U.S. stock futures rose early Thursday as Wall Street looked to build on a solid March following President Joe Biden’s infrastructure plan in place.

Futures linked to the Dow Jones Industrial Average indicated an opening gain of around 50 points. The S&P 500 futures rose 0.3% and the Nasdaq 100 futures rose 0.9%.

The move into the future came after Biden presented his billion dollar infrastructure proposal. The plan includes spending on roads and bridges and upgrading the green energy and water systems.

This is the second big spurt of spending from Biden’s presidency after signing a $ 1.9 trillion law on relief and incentives on March 11.

“With the American rescue plan, we are facing immediate emergencies. Now it is time for reconstruction,” said Biden on Wednesday.

Microsoft shares rose 1.2% in premarket trading after it was revealed that the software giant will ship more than 120,000 devices based on its HoloLens augmented reality headset to the US Army. The contract is valued at $ 21.9 billion over a 10-year period.

According to a report in the Wall Street Journal, Micron Technology and Western Digital are set to examine a deal to buy Japanese semiconductor company Kioxia for about $ 30 billion. Micron stock was up 3.8% in the pre-IPO news, while Western Digital was up about 0.5%.

Micron Technology and Western Digital are individually examining a possible deal for Kioxia that could value the Japanese semiconductor company at around $ 30 billion, the Wall Street Journal reported on Wednesday, citing people familiar with the matter.

Tech stocks outperformed industrial and construction companies on Wednesday, despite details of the plan’s introduction being known. This is a possible sign that the increase in funding has been priced in by the market. Recovery and cyclical stocks have done well since the start of the year as investors became more bullish on government spending and Covid vaccinations.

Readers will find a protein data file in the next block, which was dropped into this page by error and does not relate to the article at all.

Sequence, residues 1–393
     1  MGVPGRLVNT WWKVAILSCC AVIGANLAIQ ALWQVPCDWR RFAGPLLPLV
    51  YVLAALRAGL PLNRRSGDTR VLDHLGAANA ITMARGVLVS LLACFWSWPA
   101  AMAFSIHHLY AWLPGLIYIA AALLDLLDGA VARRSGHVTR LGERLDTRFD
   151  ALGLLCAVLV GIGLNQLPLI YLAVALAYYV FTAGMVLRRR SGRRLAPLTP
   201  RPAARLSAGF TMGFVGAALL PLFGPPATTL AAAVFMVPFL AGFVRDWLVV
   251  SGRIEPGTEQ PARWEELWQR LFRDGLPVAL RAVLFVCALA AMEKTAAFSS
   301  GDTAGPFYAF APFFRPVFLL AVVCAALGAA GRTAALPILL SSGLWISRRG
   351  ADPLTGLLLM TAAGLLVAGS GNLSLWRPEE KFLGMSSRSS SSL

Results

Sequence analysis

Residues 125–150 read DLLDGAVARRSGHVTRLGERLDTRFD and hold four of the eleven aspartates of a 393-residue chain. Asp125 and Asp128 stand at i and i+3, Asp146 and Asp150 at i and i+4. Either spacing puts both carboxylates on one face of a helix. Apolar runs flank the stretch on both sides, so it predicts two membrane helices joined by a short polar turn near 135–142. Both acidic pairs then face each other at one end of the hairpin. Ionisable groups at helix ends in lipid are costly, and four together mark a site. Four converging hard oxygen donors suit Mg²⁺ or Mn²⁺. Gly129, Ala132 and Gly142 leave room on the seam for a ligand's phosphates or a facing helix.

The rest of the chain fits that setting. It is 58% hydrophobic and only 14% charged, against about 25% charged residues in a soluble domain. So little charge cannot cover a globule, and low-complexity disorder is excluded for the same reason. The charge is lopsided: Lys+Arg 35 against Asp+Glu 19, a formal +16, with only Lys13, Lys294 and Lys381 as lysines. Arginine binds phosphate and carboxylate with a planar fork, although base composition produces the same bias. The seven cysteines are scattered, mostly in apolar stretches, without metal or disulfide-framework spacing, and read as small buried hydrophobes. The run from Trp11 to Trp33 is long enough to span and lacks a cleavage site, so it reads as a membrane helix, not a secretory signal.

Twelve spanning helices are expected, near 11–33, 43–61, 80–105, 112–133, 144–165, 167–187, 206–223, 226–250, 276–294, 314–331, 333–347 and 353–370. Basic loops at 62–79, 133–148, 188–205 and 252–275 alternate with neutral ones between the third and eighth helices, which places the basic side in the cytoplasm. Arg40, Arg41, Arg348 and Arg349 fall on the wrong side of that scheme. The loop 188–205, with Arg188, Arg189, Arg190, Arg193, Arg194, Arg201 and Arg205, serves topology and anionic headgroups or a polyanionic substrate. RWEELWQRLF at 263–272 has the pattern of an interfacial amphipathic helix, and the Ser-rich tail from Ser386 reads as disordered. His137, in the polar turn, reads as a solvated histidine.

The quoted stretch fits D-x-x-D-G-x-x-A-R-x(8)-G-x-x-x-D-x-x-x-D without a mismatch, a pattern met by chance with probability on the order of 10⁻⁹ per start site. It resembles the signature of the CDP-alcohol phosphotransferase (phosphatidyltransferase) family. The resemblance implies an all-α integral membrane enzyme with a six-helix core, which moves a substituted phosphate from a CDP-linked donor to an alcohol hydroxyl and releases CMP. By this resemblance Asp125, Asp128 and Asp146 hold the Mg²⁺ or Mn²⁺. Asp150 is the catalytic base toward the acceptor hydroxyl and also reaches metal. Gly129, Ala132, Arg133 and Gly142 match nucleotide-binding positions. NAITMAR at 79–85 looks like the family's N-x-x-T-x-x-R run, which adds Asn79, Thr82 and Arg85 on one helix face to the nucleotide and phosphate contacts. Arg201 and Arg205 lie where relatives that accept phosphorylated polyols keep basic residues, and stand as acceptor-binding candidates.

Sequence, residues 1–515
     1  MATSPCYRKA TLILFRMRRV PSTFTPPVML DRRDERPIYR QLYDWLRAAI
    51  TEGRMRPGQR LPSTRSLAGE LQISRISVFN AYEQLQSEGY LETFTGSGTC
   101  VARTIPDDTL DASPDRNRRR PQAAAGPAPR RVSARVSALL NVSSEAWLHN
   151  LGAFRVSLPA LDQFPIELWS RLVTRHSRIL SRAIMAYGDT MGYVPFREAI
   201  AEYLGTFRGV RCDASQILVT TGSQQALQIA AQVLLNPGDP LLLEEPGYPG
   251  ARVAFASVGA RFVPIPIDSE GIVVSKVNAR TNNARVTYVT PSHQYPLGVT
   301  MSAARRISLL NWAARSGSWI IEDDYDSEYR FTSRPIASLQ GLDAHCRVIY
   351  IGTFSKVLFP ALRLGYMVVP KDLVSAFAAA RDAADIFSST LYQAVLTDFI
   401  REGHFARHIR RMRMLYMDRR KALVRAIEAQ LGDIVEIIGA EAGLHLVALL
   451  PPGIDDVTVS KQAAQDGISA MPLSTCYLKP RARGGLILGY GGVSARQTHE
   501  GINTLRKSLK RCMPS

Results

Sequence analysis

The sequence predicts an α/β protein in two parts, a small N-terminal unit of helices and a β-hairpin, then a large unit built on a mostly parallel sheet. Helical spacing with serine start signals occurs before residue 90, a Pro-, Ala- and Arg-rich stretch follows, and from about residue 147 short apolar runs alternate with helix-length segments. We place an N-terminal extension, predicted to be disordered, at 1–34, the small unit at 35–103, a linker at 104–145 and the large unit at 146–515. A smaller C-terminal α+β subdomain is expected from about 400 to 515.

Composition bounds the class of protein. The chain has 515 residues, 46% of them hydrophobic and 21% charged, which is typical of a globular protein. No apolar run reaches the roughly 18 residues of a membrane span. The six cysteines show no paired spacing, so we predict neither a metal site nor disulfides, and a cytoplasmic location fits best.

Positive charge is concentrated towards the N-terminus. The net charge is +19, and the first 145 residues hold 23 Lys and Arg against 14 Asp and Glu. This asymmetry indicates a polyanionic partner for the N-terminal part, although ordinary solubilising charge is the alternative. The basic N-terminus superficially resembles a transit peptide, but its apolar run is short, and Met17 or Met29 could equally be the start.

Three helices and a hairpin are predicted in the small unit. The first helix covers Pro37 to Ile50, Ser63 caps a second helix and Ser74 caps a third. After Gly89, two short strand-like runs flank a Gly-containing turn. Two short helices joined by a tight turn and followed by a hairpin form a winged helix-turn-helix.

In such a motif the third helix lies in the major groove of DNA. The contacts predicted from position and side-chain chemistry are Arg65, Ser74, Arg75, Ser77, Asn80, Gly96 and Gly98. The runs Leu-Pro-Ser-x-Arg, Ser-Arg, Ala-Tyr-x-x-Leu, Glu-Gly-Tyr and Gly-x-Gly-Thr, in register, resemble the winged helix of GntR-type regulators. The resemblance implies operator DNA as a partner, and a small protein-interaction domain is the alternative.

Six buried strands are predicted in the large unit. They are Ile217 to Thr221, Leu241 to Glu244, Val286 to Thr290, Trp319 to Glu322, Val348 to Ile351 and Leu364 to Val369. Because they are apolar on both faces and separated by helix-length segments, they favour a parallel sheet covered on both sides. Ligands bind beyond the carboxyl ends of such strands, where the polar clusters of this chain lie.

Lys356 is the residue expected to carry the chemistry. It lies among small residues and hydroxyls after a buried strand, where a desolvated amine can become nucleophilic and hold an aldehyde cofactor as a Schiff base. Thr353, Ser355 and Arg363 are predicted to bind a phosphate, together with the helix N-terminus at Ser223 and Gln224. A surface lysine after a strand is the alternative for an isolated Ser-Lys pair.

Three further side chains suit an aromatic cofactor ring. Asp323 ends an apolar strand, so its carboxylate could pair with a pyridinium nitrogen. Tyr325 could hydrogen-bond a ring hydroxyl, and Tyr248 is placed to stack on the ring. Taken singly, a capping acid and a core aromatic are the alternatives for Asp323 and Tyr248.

Bank of America equity strategist Savita Subramanian told CNBC’s Fast Money that the market may still have to digest the tax hikes included in the plan, creating potential headwinds for stocks.

“I think the market is factoring in the good news about infrastructure … I don’t think the market necessarily priced in the negatives. So we’re going to pay for it,” Subramanian said.

Wall Street ended March on a positive day for broader markets. The S&P 500 rose 0.36% on Wednesday, breaking a two-day losing streak, while the tech-heavy Nasdaq Composite rose 1.5%. These indices ended the month up 4.2% and 0.4% respectively.

The 30-share Dow fell slightly but ended the month up more than 6%.

On the earnings side, Micron’s shares rose in expanded trading after the chipmaker beat expectations for its second-quarter income statement.

Thursday morning will bring a huge amount of business news, with weekly jobless claims data from the Department of Labor and manufacturing and construction reports to be released. Economists polled by Dow Jones estimate that 674,000 initial jobless claims were made in the past week, a slight decrease from the previous week.